20 JANUARY 1855, Page 1


Perhaps no test of popular feeling for the guidance of Parlia- ment and of Ministers is clearer than Mr. Cobden's appeal to the people of Leeds. The failure for the direct purpose of his appeal was so complete as to provoke the question, why did he make it ? It could hardly be an overruling necessity to prove his sincerity, for that was well known. But, unlikely as it would now seem, he may have counted on succeeding. Mr. Bright had made a simi- lar appeal to Manchester, and had not failed so much as people ex- pected. While half his meeting supported the war, half supported John Bright's q- right" to express his adverse opinion. It is pos- sible that this unexpected though negative success may have sug- gested to Mr. Cobden the notion of trying whether he could not carry the reaction still further, if he threw all his popular address into the effort. His own especial friends in the West Riding at- tempted to dissuade him from the 'experiment; the great manu- facturer and the great local editor threatened a direct opposition; but "the Friends" supported- him; and the meeting was sum- moned. It was held, by adjournment from a smaller place, in the great Cloth Hall Yard; and it fairly represented the manufacturing centre of the greatest constituency in England. Mr. Cobden brought to his difficult task all his practice in popular oratory. He directed his argument to the supposed foibles, affec- tions, or antipathies of his audience : he threatened as the conse- quences of war increased taxation and bloodshed; he asked what concern we had in Turkey—how at any probable date Russia would hurt us ? But all through this argument he was heard with coldness interrupted only by contradiction. He brought off Ins forces by a stratagem, in turning to a theme more congenial to the temper of the people: he complained of the mistakes, neglects, and mismanagement, which have injured and endangered our army ; and here he had the cheers of the audience—but in a sense the opposite of concurrence in his main object. That there might be no mistake about the matter; the meeting carried by over- whelming majority a 'resolution that the war ought to be prose- cuted with vigour. If such is the judgment which will have to be reported from Mr. Cobden's constituency, what must be the English feeling generally ?—of that there can be no doubt. The war is viewed in its objects with satisfaction, in its errors with sor- row, but in its future with a sterner expectation which Ministers will be unable to slight.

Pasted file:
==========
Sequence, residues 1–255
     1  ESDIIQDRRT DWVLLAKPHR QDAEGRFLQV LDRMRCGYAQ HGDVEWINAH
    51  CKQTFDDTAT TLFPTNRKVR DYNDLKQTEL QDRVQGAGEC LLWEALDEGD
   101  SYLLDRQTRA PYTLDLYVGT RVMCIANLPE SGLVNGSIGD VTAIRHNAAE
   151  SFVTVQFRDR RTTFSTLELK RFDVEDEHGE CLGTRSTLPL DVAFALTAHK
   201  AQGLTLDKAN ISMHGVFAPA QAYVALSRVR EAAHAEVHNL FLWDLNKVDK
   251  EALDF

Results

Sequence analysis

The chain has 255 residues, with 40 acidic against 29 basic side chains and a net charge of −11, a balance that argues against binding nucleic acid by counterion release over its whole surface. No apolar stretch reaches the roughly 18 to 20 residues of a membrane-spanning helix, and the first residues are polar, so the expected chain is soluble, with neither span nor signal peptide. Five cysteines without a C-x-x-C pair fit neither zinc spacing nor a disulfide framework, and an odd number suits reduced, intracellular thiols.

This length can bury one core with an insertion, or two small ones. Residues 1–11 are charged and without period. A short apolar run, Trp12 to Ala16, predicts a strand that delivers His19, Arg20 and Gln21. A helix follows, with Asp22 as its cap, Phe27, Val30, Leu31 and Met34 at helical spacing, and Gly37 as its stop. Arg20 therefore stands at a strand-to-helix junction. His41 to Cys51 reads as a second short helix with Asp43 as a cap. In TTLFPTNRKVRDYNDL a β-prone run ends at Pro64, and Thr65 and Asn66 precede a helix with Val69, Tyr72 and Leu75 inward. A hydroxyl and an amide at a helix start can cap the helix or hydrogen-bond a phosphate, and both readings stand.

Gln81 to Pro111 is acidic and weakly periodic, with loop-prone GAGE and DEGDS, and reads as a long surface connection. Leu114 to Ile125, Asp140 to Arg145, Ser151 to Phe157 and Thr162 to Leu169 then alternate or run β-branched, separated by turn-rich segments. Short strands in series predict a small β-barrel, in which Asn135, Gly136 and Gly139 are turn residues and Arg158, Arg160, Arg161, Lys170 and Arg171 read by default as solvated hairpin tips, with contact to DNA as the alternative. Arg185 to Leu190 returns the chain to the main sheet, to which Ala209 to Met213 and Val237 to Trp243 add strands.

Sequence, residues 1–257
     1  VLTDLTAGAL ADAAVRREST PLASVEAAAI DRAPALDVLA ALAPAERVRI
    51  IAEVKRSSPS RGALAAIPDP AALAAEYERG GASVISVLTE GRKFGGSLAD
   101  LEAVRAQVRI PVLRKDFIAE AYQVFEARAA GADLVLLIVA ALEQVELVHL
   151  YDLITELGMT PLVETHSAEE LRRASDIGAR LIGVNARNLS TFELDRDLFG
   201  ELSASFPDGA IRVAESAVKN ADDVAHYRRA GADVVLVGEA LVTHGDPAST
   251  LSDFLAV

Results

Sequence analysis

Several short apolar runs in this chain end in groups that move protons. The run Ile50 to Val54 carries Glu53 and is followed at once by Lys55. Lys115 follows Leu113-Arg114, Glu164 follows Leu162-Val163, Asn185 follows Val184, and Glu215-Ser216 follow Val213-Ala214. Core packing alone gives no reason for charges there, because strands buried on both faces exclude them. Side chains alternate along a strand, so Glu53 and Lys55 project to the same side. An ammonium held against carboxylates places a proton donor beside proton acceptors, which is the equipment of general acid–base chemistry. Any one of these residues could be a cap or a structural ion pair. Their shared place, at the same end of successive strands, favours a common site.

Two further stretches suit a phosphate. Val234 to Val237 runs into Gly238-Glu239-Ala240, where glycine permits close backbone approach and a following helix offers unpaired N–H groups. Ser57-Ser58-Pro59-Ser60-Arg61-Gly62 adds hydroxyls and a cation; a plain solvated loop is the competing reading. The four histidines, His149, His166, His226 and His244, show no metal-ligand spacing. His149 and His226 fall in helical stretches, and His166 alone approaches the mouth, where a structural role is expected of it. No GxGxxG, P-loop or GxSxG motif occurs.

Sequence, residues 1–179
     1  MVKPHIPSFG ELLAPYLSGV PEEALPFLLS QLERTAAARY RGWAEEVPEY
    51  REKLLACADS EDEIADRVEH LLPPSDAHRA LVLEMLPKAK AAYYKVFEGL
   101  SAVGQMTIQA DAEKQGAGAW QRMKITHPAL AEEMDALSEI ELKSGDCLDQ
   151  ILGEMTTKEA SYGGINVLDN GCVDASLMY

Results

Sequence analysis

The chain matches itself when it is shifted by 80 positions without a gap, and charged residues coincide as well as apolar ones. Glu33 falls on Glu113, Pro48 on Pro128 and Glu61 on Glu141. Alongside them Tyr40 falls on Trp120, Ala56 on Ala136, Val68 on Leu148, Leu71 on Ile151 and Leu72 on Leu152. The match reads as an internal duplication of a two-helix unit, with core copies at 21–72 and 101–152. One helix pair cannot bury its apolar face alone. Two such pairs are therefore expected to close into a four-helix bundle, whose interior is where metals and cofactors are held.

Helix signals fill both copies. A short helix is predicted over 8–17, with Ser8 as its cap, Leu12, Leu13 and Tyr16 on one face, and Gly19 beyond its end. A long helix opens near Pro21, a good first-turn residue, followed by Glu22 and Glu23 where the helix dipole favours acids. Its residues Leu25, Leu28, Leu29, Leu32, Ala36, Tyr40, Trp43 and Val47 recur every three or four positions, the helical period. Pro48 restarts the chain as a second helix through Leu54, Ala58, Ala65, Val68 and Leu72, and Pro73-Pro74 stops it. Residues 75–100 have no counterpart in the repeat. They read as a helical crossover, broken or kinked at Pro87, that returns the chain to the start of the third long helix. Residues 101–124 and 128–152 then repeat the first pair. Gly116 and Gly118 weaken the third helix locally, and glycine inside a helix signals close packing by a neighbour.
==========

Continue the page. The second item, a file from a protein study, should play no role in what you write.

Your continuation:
The sole question is as to the best mode of prosecuting the war. The two great quarterly periodicals come out with set theses on the subject, to influence the coming debates. The Quarterly Re- view has a laboured compilation, so managed as to put the story in the worst light, and to condense all the complaints into a concentra- ted attack on Ministers; The Edinburgh Review owns a different mission : here the history of the war is soberly reviewed ; the mo- tives which led to it are indicated; the progressive causations ex- plained, and the manner in which one part grew out of another,— the occupation of Varna, in support of Omar Pasha on the Danube, out of the defence of Constantinople; and the Crimea expedition, to strike "a blow," out of the Varna supineness. The conclusion of this summary, practically, like that of the able military critie Sir Howard Douglas, is, that Ministers and Commanders are the less to blame, since they could not avoid action, but had not the means to render it effectual. The war they must make; their newness to the work, where all must earn their experience, may greatly excuse them ; but in future the contest must be pursued with more energy and better adaptation of means to ends: such is the universal deliverance of the opinion which Ministers will have to face—whatever their explanations may be.